Youth Justice: Healing Not Punishment

Trump Appointee Says Juvenile Justice System Leaning Too Much Toward “Therapeutic Intervention” Instead of “Offender Accountability”

WLA Guest
Written by WLA Guest

by Kelly Davis

A session at the National Council of Juvenile and Family Court Judges’ annual conference, held in San Diego this week, was billed as a chance for attendees to ask questions of Caren Harp, the new head of the Office of Juvenile Justice and Delinquency Prevention (OJJDP).

But Harp, who was appointed in December, turned it into a listening session, asking the audience of mostly judges and attorneys to tell her what’s working in their jurisdictions and how OJJDP might help them continue that work.

“What do you need from us?” Harp asked, standing in front of a flip board propped on an easel, marker in hand. “That’s why I’m here to talk to you.”

Harp, a former public defender and prosecutor who was teaching law at Liberty University in Lynchburg, Virginia when she was tapped for the OJJDP position, said she’d held similar listening sessions with her staff. Those sessions led to new vision and mission statements and a new motto for OJJDP: “Enhancing safety. Ensuring accountability. Empowering youth.”

Harp said she had wanted a motto that underscored the fact that there are multiple stakeholders — victims, offenders and communities — in the juvenile justice system who deserve equal attention.

“Sometimes the justice system can drift too far from one side to the other,” she told the audience.

Attendees asked her to prioritize restorative justice programs (“Something very near and dear to my heart,” she told them, and “key to public safety”), commit to funding tribal youth programs and restart meetings of the Federal Advisory Committee on Juvenile Justice and the Coordinating Council on Juvenile Justice, neither of which have met for 18 months. Harp said her hope is to hold meetings in early summer and again before the end of the year.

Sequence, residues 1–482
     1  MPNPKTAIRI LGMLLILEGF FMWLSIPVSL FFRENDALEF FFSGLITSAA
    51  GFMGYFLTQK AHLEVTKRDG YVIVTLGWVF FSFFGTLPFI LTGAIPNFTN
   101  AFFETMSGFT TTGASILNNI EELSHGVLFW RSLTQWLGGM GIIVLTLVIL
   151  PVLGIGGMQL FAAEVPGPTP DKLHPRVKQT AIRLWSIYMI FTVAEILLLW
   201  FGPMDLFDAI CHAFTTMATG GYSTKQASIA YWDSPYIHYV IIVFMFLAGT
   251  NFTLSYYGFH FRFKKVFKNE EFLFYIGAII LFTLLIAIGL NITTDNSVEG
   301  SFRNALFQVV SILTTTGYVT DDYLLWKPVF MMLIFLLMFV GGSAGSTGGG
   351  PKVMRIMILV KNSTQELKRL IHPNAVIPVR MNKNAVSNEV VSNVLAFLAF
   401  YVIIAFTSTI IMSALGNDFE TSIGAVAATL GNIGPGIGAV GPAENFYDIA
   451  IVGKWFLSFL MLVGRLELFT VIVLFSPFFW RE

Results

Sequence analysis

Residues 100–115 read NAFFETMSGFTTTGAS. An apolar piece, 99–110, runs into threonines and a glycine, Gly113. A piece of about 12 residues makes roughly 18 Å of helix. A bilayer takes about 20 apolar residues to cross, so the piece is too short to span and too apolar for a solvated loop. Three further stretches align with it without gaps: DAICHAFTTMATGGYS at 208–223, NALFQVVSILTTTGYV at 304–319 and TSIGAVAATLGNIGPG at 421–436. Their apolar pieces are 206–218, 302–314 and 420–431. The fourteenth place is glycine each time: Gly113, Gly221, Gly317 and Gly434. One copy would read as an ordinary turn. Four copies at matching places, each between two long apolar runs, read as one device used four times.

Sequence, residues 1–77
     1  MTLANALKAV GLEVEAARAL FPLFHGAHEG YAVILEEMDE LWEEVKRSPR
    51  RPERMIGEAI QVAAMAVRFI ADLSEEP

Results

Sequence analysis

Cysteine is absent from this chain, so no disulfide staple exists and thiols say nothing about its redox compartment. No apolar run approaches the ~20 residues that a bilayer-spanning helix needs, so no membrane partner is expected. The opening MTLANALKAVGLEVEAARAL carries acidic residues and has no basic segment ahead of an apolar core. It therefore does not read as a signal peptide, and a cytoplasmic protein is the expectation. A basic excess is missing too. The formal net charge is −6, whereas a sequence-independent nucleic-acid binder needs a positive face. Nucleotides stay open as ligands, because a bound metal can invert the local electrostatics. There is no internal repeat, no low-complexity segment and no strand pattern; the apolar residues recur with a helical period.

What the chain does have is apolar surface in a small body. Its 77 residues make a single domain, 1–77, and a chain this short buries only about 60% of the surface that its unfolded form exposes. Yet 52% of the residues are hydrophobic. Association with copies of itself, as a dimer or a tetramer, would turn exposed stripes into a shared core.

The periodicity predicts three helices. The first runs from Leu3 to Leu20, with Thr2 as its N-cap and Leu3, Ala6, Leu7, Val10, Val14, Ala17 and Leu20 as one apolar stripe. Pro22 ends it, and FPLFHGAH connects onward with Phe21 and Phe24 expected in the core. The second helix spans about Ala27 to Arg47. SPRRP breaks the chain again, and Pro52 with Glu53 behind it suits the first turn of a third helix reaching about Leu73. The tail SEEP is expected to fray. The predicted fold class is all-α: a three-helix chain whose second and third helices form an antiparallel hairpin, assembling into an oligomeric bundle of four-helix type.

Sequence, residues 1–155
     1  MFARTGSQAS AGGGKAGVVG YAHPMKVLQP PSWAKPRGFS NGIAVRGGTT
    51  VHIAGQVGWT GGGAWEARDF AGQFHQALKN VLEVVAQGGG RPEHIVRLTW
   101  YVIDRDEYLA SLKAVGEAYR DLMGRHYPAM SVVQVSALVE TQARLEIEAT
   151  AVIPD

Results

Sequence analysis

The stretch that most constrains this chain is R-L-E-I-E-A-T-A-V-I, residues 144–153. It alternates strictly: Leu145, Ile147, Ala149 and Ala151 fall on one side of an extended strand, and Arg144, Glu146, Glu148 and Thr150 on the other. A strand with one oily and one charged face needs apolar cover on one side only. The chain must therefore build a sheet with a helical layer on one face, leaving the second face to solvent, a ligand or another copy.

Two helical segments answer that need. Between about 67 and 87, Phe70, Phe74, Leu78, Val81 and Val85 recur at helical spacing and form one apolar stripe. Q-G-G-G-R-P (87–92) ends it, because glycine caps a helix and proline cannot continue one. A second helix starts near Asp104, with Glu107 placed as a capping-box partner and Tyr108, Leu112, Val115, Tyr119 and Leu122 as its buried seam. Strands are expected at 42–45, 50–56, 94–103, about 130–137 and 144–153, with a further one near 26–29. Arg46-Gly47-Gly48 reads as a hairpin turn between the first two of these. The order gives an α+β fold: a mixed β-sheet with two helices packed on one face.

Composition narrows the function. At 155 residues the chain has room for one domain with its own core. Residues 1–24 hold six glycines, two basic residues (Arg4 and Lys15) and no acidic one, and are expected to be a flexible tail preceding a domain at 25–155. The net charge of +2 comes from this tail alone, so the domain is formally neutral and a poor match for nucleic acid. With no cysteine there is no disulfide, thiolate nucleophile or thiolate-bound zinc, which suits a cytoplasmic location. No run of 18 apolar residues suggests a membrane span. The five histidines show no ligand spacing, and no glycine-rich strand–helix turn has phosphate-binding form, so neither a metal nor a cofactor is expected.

“We’re going to get them up and running again,” she promised.

In response to a question about OJJDP taking a leadership role when it comes to reinvesting money saved by the decline in youth incarceration, Harp said, “It’s on my list.”

After the session, Harp sat down to answer some additional questions about her vision and priorities for OJJDP.

Kelly Davis: What’s a key change you’d like to see happen in the juvenile justice system?

Caren Harp: Balance. There’s a need to return to balanced consideration of public safety, offender accountability, and youth development, youth skill-building — empowering kids to take responsibility for their decision making.

Davis: Do you feel the system has shifted too far toward one side?

Harp: It drifted a bit to a focus on avoiding arrests at all costs and therapeutic intervention. It went a little too far to the side of providing services without thinking of short-term safety.

Davis: Why do you think that shift happened?

Harp: I don’t really know the reason for that shift. Usually it’s some anomalous event or a bad outcome and a response to that — an overcorrection. But if we stay in a balanced place, then when the anomalous bad thing happens, the system is considering all the right things and is stable enough to respond appropriately.